In March 2016, the American Association for Artificial Intelligence and I asked 193 AI researchers how long it would be until we achieve artificial superintelligence (ASI), defined as an intellect that is smarter than the best human in practically every field. Of the 80 respondents, 67.5 percent said it could take a quarter century or more, and 25 percent said it would likely never happen.

Given the sheer number of “AI is coming to take your job” articles appearing across media, these survey findings may come as a surprise to some. Yet they are grounded in certain realities. While psychometrics measure human IQ fairly reliably, AI psychometrics are not nearly as mature. Ill-formed problems are vague and fuzzy, and wrestling them to the ground is difficult.

Few interactions in life have clearly defined rules, goals, and objectives, and the expectations of artificial general intelligence (AGI)—with capabilities that could largely match human “gut instincts” on such areas as language communications—are squishy. How can one person tell whether another has understood a sentence properly? Improving speech recognition doesn’t necessarily enhance language understanding, since even simple communication can quickly get complicated—consider the numerous ways to order coffee, for instance. Successfully creating AGI that matches human intellectual capabilities—or ASI that surpasses them—will require dramatic improvements over the current state of AI.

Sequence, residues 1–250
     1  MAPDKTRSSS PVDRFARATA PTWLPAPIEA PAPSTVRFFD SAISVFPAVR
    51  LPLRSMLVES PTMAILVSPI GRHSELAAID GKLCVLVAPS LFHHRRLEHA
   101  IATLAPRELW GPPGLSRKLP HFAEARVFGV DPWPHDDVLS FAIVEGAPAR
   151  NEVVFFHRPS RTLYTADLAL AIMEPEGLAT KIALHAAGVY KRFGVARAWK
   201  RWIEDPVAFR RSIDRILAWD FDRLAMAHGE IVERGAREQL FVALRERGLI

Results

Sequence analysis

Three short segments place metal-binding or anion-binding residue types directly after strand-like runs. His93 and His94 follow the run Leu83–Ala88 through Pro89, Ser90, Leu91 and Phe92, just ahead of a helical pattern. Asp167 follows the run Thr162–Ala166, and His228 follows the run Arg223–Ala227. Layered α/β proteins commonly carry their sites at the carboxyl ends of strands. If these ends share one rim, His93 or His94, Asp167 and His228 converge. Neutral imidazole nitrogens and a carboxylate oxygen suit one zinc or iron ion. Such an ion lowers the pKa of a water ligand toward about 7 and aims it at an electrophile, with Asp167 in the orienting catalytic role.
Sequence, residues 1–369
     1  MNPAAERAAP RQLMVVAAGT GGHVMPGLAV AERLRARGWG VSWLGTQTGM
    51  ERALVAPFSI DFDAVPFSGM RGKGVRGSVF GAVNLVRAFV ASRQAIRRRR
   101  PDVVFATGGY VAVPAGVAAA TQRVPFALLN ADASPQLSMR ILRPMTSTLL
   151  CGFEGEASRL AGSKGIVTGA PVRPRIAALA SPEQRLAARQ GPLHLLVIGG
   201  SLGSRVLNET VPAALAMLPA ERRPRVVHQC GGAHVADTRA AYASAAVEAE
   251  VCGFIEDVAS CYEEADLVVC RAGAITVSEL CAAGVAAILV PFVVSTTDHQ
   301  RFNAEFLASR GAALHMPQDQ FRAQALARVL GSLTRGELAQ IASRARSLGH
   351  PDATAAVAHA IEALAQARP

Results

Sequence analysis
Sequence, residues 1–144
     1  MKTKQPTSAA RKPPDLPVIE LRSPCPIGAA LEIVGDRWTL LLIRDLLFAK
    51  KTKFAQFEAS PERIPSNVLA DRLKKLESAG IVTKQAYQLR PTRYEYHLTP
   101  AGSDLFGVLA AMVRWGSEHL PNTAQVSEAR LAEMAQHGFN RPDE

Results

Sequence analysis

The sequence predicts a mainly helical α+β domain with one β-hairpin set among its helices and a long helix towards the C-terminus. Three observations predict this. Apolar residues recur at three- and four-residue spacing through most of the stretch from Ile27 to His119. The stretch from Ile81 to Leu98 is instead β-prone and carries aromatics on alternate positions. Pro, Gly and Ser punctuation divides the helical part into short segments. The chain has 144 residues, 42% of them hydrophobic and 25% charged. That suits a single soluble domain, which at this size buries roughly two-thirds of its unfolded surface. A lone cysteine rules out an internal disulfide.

Discovering the Art of the Possible for Machine Learning and Disaster Risk Management



When a natural disaster strikes, knowing where people and buildings are is of the utmost importance for saving lives. The World Bank Global Facility for Disaster Reduction and Recovery (GFDRR) and DataKind teamed up to understand how might satellite imagery and machine learning aide in disaster risk management and improving resilience for vulnerable communities. DataKind’s DataCorps team of pro bono data scientists completed an assessment of current literature on how satellite imagery could improve disaster relief efforts using image analysis and convolutional neural networks, and then made recommendations for how the GDFRR could scale efforts using their imagery in Sri Lanka to build and implement detection models.

DARPA Expert Warns Autonomous Car Firms Aren’t Teaming Up on Safe A.I.

Inverse, Mike Brown


Autonomous car development has a cooperation problem. That’s according to Hava Siegelmann, program manager of the Defense Advanced Research Projects Agency (or DARPA), who claimed that the companies she’s spoken to are lukewarm about working together on making A.I. safer.